An experimental documentary film, which is a part of an video installation in the following exhibition project:

A photo documentary about a Faroese metal band 2008-2010

A photo documentary about and made together with the Faroese metal band SIC. I am portraying the everyday life of the band on the Faroe Islands. To these images there are also intertwined more outstanding circumstances from the band's tour in Europe and from other musical scenes.

The Fighters They Bleed -exhibition was on display at the Photographic gallery Hippolyte in Helsinki, Finland in December 2010. A version of the video installation was screened in SIC's Fighters They Bleed -album release concert at the Nordic House in Faroe Islands on August 21, 2010 and in an exhibition at the Performance Center in Suvilahti, Helsinki in June 2012.

See exhibition photos and installation shots of the exhibition at the Hippolyte Gallery:

Video is in HD quality, 1280 x 720 P, duration 49:22. Copyright: Eija Mäkivuoti & SIC.


The Faroe Islands is a small country in the Atlantic Ocean. It lives in the cross-fire of conflicting influences between two Nordic cultures: the islands are an autonomous region belonging to Denmark – just like the Åland Islands in Finland. The country’s thousand years of history still exert a powerful influence on the minds, identities and society of the Faroeans, who are an intriguing combination of the present and a lost, traditional world of the past. Both aspects have their place in the life of the islanders: they are not ashamed of their roots and are proud of their culture, which they are nevertheless boldly modernising.

In a three-year documentary project, Eija Mäkivuoti photographed the everyday life of SIC, a metal music band from the Faroe Islands. The project tells about the people of the Faroe Islands, their identity, and the islands themselves. The life of musicians and the metal music scene in the Faroe Islands are both essential parts of the story. Music is the driving force and one protagonist in the narrative, its importance indisputable in the life of the characters. Apart from everyday life, Mäkivuoti has also documented more unusual situations, following the band on tour and to other arenas in their life, living with them in tour buses on the road across Europe, onstage and backstage, in the recording studio, at an album release gig and the music festivals in the Faroe Islands.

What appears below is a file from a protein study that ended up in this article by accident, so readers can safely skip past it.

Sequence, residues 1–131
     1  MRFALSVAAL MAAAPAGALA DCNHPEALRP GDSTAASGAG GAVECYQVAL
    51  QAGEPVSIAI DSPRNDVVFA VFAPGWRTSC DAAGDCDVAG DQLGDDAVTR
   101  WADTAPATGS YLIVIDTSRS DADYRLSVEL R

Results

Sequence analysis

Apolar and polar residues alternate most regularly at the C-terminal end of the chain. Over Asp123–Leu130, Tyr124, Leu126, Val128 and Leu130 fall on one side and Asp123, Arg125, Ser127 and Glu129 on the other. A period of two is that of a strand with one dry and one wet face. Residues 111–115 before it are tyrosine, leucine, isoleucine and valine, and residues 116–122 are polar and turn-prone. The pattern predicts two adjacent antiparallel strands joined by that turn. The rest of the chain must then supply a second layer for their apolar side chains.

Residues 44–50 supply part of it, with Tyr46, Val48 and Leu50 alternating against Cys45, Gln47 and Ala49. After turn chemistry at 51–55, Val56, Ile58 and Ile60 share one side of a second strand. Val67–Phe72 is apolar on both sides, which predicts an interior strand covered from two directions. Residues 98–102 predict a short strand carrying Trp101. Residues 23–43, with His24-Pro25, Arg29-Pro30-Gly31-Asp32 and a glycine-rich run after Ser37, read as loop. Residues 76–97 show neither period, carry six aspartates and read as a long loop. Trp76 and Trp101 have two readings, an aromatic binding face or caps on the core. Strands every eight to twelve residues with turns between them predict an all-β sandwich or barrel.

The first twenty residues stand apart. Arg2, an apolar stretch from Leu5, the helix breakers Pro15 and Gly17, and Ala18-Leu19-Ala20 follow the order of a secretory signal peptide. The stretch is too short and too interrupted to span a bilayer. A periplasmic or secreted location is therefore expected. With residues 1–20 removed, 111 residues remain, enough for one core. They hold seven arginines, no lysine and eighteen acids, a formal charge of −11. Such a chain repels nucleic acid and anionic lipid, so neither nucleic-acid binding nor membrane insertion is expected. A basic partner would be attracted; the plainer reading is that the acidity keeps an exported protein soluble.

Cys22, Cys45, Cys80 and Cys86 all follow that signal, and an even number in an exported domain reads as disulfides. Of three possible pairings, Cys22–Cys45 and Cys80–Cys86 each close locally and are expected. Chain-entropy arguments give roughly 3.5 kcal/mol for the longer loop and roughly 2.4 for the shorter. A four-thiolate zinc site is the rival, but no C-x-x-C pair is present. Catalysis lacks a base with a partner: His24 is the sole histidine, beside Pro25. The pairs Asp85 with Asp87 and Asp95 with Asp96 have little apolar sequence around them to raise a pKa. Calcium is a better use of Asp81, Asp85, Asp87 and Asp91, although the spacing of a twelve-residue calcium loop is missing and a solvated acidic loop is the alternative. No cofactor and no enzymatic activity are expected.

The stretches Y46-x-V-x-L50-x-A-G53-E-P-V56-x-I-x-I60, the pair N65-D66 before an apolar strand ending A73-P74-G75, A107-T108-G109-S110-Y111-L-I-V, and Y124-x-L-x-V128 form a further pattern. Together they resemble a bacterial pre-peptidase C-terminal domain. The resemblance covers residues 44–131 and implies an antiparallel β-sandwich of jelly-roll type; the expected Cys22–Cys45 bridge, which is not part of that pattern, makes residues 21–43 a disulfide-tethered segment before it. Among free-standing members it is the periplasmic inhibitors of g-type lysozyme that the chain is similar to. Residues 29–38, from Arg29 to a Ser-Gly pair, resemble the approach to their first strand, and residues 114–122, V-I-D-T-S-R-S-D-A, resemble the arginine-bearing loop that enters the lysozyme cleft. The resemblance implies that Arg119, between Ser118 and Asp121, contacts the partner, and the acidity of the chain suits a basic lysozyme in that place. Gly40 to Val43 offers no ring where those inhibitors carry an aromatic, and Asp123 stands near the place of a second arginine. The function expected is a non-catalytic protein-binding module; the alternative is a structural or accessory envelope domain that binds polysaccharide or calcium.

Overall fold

SIC is a creature that gets its strength from the collaboration between individuals and their families and friends. SIC is a family, it is a weapon to combat prevailing conditions on a personal level. It is a way of taking your life in your hands and not giving in when faced with difficulties. It is a Utopia and an ideal, and while reality can at times be different, persistence and perseverance are both goals in life. Sometimes the goals do not mesh, and even irreconcilable differences arise at times.

Mäkivuoti’s viewpoint is subjective: she participates in the life of the people she photographs, in good as well as bad times. Her approach seeks to be simple, impartial, interactive and intimate. She has lived the situations on equal terms with the characters in the pictures. She participates in their life frequently to avoid the fascination and romanticising that easily arise in the initial contact. She also discovers a lyrical quality which develops into a ballad – a dark tune tinged with gentleness and comedy. The important thing is to tell the story from the person’s own perspective, with all the randomness, directness, roughness and humour that that entails. The pictures reveal the close contact between the photographer and her subjects, their brotherhood/sisterhood.

Fighters They Bleed tells the story of people who are close to the photographer, yet live a thousand miles from here. We are separated by the Atlantic Ocean and a language barrier lowered by English and other Scandinavian languages. The language of the Faroeans has no word for ‘fighter’, so SIC sing in English. Western (popular) culture, membership in the same subculture, and friendship – these are the glue of togetherness. In these pictures, Mäkivuoti sees also herself (we also see ourselves?). According to sosiologist Julia Kristeva, if we accept the Stranger in us, we are also able to understand the strangeness of other people. There is an Other in all of us, a little Viking or metal musician – we just need to find the contact surfaces to meet it.

The Helsinki-based artist photographer Eija Mäkivuoti (b. 1972) works with long-term photo documentary projects.

Acknowledgements: SIC, Konstsamfundet, Helene och Walter Grönqvists Stiftelse, The Nordic House in the Faroe Islands / Urd Johannesen, TUTL, Kulturkontakt Nord / Berlgjót Jónsdottir

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